Standard equipment included a tether switch, a color-coded electrical panel and a tachometer, but no speedometer or odometer. The unpadded handlebars were height adjustable, and the left side of the seat had a snap-on pad to cushion the rider’s leg against the tunnel during weight shifting left-turns. A tiny competition-style fuel tank precluded serious trail riding, but the headlight and taillight were part of the equipment necessary for Stock class racing under United States Snowmobile Association (USSA) rules.
The skis featured an unusual two-position, forward spring mount. Rearward weight transfer was said to improve when the front end of the spring was installed in the upper position, although this feature was more important for drag racing than oval use. The sled’s 43-inch overall width was about 6 inches more than its widest contemporaries and allowed an unusually wide ski stance for better stability – It was a glimpse of things to come.
Kohler free-air power was employed. These were not the “Sunburst” radial-finned models that were used extensively in other race sleds, but rather a more traditional design in 340 and 440 sizes for the top two of the new 1975 USSA Stock classes. A special crankcase air duct helped with the cooling issues. Perhaps more importantly, the engine was located low in the front of the sled instead of up in the rider’s lap like in previous Nitros. Mikuni VM carbs and capacitor discharge ignition were fitted, and the exhaust system had twin-tuned pipes feeding a removable muffler.
In short, the rakishly good-looking Nitro F/A was a limited-edition machine suitable for racers only, and not just due to the engine.
OUT-MANNED, NOT OUT-GUNNED
The 1975 winter oval racing season began with promise as Vermont Rupp ace Keith Armstrong won two classes at the USSA Eastern opener in Jackman, Maine. If nothing else, it showed that the Nitro F/A was definitely a competitive sled.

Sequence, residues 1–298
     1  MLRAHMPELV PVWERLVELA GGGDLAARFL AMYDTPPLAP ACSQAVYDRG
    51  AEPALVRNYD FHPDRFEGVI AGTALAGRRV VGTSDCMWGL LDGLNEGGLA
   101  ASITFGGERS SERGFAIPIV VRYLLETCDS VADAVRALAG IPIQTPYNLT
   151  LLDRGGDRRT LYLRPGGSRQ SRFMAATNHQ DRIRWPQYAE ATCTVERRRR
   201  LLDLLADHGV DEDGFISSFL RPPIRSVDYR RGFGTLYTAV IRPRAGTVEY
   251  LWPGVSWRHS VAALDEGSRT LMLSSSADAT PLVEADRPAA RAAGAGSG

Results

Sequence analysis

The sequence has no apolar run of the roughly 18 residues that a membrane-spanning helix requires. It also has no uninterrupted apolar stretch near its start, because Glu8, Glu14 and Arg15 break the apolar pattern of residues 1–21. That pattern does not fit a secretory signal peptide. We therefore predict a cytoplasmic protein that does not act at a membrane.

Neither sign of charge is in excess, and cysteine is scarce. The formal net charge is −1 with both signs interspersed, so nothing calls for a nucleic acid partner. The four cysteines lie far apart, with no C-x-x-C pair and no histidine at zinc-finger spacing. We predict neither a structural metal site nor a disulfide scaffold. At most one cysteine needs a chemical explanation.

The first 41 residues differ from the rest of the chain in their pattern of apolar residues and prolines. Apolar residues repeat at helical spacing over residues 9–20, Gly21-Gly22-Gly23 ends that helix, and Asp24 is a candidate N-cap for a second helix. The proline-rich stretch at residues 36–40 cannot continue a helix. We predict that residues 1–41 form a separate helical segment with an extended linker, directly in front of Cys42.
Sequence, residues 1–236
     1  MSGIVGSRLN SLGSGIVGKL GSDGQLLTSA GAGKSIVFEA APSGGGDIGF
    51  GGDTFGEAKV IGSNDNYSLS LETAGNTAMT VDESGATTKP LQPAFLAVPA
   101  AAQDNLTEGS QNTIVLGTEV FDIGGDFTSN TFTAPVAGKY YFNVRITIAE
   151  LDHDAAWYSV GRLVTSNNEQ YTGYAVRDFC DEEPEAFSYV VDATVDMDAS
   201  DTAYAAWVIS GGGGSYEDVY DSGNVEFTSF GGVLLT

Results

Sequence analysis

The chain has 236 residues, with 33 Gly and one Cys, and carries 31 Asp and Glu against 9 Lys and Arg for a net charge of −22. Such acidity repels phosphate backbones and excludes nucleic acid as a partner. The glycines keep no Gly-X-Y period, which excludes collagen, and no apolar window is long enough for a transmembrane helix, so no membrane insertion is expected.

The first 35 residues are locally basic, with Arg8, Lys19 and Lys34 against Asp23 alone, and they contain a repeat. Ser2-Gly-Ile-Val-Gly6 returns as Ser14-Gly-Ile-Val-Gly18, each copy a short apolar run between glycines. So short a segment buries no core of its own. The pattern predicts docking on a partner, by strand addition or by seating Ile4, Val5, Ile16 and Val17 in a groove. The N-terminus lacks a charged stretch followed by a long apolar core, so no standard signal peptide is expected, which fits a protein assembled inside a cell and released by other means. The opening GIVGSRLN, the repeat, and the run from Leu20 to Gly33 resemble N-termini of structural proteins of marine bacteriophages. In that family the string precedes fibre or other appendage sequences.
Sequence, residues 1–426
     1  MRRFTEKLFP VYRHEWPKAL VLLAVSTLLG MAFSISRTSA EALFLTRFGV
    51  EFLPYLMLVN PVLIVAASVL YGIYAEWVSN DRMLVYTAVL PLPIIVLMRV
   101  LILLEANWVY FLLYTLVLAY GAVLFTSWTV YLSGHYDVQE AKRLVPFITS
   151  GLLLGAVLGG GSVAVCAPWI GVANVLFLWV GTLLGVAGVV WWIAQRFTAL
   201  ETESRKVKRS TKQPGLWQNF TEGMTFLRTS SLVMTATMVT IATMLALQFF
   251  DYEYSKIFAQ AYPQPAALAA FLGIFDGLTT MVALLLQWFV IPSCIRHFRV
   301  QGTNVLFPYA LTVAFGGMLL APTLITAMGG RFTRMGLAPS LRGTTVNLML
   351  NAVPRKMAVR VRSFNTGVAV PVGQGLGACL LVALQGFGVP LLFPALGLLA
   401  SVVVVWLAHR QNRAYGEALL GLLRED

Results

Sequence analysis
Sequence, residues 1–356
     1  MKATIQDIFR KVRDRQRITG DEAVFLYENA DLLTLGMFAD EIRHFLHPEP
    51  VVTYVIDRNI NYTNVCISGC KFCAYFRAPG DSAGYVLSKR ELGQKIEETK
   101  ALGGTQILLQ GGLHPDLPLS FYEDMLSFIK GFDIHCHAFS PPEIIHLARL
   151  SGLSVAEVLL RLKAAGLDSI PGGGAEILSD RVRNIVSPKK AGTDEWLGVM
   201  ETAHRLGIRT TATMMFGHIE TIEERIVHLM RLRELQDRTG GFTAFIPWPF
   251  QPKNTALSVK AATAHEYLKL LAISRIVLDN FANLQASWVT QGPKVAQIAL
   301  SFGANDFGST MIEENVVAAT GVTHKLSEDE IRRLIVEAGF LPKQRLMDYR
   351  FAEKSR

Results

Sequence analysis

But there weren’t a lot of victories for the new Rupp stocker that winter, as Cat, Ski-Doo and a new rising force, Mercury, piled up the wins in arguably the most competitive race season ever. A number of those firsts were taken by racers who had been Rupp riders just a couple of years before, but had defected to Merc or Cat when Rupp was struggling to stay competitive during the 1974 season.
Rupp was now out-manned, but not out-gunned. The Rupp racing organization simply didn’t have critical mass any more, and the red sleds ended up in eighth place among the 13 different brands that recorded at least one win during the winter 1975 USSA competitions. Although the Nitro F/A did take a few more sanctioned-circuit firsts in places like Greenville, Maine, and Okoboji, Iowa, many of Rupp’s 1975 victories were with modified-class sleds. The best the F/A would do at the USSA World Series in Weedsport, New York, was Ohio racer Ron Johnson’s third in 440 Stock.
But all was not a loss. In a twist of fate, the Nitro F/A turned out to be an excellent drag sled. Light, powerful and with superior weight transfer from its suspension engineering, the F/A was well suited for grass racing, and it recorded many drag wins, particularly in the East. As reported in Snow Week, Dan Kneeskern’s four firsts on a pair of Nitro F/As led Rupp domination of the air-cooled Stock classes at the October, 1976 Herkimer County Sno Sho drags in Frankfort, New York, which was a major race at the time.
A radical departure from previous Nitros, the sleek Nitro F/A remained a very competitive grass dragger – particularly at the smaller local events – for several more years even as the once red-hot Rupp snowmobile brand slowly faded to black.
Editor’s Note: This Flashback article from International Snowmobile Hall of Fame writer David Wells first appeared in Snow Goer magazine. To see more of Wells’ great articles on interesting old sleds, plus in-depth new sled evaluations, aftermarket product tests, informative how-to story, interesting travel features, Snowmobile Science articles and much more, subscribe to Snow Goer magazine.